What I bought - 29 November 2006

This was a weird week, as I bought my usual bunch of comics, and a lot of them were pretty damned obscure.  I bought a few that were as mainstream as you can get (Batman and X-Men), but then it was into the dark corners of the comics universe.  A weird week indeed.  And some damned fine comic books, too, especially from the Big Boys!

Batman #659 by John Ostrander and Tom Mandrake.  $2.99, DC.

So what exactly happened to The God of All Comics that caused him to be slower than molasses?  I know he was never the fastest scribe, and that presumably was why his JLA run was peppered with guest writers, but it's getting a bit silly.  I mean, Seven Soldiers #1 reads like it took up a lot of time, but his Batman scripts, so far, have been just decent superhero storytelling.  Is he stretching himself too thin on 52?  Beats me.  It's just strange.

This is a roundabout way of saying that we get the fabulous fill-in team of Ostrander and Mandrake an issue early.  Ostrander and Mandrake have a long history together, stretching back to GrimJack, through Firestorm, The Spectre, The Kents, and Martian Manhunter, and it's good to see them back together.  Especially because Ostrander continues to be one the most underrated writers in comics, and Mandrake was practically born to draw Batman.

A good Batman artist has to contend with the cape, which adds so much atmosphere to the story.  Mandrake does marvelous things with Batman's cape, making it flow around him in the fight scenes and wrap him like a shroud in other scenes, until it becomes almost a living thing.  His Batman is grim, yes, but also more like an avenging angel.  The bad guy, Grotesk, is a perfect villain for Mandrake to draw, too - he is good at drawing monsters, which is essentially what Grotesk is.  And he always does a wonderful job with things that flow, like Grotesk's flames (and, in essense, Batman's cape).  After the cartoony style of Kubert for the past few issues, it's a jolt to see Mandrake's moody style here, but it fits the story well.

Ostrander writes a pretty meat-and-potatoes Batman story, but that's okay.  Writers who can write solid stories without making it "an event" are rarer and rarer in comics, it seems, so we can just read along and be entertained.  Ostrander also appreciates the sense of mystery in a Batman book, so we get clues about the identity of Grotesk that seem to point one way, but might not.  He also incorporates Leslie Tompkins' clinic into the story without bringing up the awful story that got rid of Tompkins from the Batman universe, and shows Bruce Wayne having a social life!  Some of the best Batman stories spring from situations that occur when Bruce Wayne is out and about, so the fact that this story ties into a date Bruce went on two years before, as well as Leslie's clinic, is a nice touch.  I don't want Batman to turn into a soap opera like many Marvel books, but it's good to remember he has some established points of reference in his life.

I'm pretty sure this is a two-part story (it was solicited that way, at least), and it's a good book to pick up if you're in the mood for a solid Batman story.  And who doesn't love a solid Batman story every now and then?

Emissary #6 by Christopher E. Long and Juan Ferreyra.  $3.50, Image.

This issue of Emissary continues Long's first story arc on the title, so, as I have said, I'm reserving judgment on the entire thing until he's done.  However, after last issue's "summing-up" of what has happened so far, it's nice to see that in this issue, things happen.  Tara, the FBI agent who has taken upon herself to show Emissary the world (and her naked body), sums up the feelings of the readers by asking him just what the hell he thinks he's doing on Earth.  Emissary realizes that he has to be of a teacher if he wants to lead humanity to enlightenment, because we're, you know, so fucked up.  So perhaps now we'll get more into the story, which has been floundering slightly.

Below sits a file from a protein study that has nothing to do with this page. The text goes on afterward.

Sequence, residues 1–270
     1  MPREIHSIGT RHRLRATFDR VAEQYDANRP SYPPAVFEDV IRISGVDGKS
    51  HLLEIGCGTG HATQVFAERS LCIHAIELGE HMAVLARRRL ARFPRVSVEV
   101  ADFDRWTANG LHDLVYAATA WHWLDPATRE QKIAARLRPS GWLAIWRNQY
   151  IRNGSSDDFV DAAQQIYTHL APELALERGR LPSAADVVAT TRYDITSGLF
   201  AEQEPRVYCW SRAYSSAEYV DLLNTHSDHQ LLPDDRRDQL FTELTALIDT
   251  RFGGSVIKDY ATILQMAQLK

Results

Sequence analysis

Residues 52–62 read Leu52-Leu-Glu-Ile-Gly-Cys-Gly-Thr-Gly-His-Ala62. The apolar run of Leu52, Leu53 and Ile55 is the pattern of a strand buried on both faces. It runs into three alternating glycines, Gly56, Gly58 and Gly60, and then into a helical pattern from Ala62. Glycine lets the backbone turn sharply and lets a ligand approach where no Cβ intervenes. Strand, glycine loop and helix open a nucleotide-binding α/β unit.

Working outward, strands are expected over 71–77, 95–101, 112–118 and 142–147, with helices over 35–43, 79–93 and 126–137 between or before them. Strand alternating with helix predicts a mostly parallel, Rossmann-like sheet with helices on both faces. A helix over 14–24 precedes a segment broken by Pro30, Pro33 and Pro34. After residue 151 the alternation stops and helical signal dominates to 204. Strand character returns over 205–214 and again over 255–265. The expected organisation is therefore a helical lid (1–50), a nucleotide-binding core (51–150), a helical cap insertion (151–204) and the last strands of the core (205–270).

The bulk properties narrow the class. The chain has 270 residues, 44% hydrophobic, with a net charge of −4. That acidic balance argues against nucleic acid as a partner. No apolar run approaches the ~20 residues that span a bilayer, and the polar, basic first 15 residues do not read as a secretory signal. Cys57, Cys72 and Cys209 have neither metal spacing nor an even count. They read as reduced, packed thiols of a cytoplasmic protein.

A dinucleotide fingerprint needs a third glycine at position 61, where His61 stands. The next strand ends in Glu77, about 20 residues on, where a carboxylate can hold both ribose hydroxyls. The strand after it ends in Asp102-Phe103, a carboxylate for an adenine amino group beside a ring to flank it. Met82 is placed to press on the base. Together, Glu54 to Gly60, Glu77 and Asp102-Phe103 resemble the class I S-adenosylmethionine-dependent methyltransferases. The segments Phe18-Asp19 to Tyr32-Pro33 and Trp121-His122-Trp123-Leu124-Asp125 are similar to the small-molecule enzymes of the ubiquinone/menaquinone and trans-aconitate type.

Long continues with the religious questions of the book, as people continue to debate if Emissary is some sort of messiah or not.  The first pages of the book deal with that tsunami there on the cover, as a giant wave caused by the biggest earthquake in history (that's what the experts in the book say!) is about the flood Singapore.  Emissary holds the wave back, but can't stop it because he's not strong enough.  The image of the family smiling up at him until he fails and disappears and their smiles turn to screams is a horrifying but effective image.  Tara and Emissary escape, but thousands of people die, and Tara lashes out, causing Emissary to rethink his mission.  In later scenes he regains some of the trust of the people, as he walks among them healing where he can.  On the news, the debate continues about whether Emissary is a god or a devil.  Long does a nice job with the two pages of debate, as the newscaster deliberately twists the news to make it sound like the devastation was Emissary's fault.

The final pages bring us back to Tara's family, as the government gets nasty and plan to blackmail Tara into handing Emissary over to them.  Yeah, that'll piss Emissary off.

Ferreyra's art is very nice, as usual, and looks a bit rougher than his work on the book has been, which is good to see.  The lines are a bit heavier and the sheen on the art is lessened, so the effect is nicer.  The water coming into Singapore, frankly, is goofy-looking, but it's a minor point in an otherwise beautifully drawn book. 

Final judgment on the book comes after issue #8.  We'll see, but for now, Long is doing a good job with it.

[Update: Well, shit.  Commenter extraordinaire and all-around raconteur Guy LeCharles Gonzalez points out this thread, in which Jim Valentino reveals that this is the final issue because the book is selling so poorly.  That sucks.  Just forget all I told you.  It doesn't matter anyway.]

Hero Street #1 by Eric Miller, Federico Zumel, and Chuck Bordell.  $2.50, Herostreet Press.